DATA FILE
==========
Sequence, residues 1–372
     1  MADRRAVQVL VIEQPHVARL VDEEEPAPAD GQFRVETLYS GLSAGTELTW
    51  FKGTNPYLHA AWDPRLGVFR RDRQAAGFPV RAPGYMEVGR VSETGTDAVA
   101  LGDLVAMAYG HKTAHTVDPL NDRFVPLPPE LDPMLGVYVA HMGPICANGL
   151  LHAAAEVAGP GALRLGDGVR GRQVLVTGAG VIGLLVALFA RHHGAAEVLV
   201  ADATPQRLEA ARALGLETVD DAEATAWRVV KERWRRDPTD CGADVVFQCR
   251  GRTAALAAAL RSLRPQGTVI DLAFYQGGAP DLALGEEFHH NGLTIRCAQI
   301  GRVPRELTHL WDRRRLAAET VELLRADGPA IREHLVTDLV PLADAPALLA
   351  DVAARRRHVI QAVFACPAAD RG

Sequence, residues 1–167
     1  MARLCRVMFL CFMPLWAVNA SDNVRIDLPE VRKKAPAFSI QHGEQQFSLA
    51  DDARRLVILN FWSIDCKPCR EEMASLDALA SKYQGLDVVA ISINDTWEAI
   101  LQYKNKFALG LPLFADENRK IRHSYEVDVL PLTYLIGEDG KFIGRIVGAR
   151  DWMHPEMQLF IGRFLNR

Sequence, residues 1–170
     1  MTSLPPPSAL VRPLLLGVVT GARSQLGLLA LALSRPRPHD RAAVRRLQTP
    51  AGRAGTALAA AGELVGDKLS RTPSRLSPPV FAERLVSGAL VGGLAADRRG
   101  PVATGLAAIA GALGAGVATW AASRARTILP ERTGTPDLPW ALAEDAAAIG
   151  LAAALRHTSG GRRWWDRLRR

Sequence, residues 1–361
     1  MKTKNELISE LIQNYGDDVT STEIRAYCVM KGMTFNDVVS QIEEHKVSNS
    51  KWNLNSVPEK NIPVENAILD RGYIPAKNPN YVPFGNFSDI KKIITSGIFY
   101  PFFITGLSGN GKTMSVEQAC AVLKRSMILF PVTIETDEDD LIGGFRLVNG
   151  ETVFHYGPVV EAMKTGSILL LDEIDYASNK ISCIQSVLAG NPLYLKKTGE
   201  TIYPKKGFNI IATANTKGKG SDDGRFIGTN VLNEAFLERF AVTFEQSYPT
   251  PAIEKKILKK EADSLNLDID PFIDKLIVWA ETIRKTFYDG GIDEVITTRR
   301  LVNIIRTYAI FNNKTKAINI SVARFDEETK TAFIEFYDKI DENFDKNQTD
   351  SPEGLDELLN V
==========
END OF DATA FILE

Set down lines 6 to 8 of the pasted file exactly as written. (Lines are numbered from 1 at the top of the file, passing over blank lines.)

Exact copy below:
   201  ADATPQRLEA ARALGLETVD DAEATAWRVV KERWRRDPTD CGADVVFQCR
   251  GRTAALAAAL RSLRPQGTVI DLAFYQGGAP DLALGEEFHH NGLTIRCAQI
   301  GRVPRELTHL WDRRRLAAET VELLRADGPA IREHLVTDLV PLADAPALLA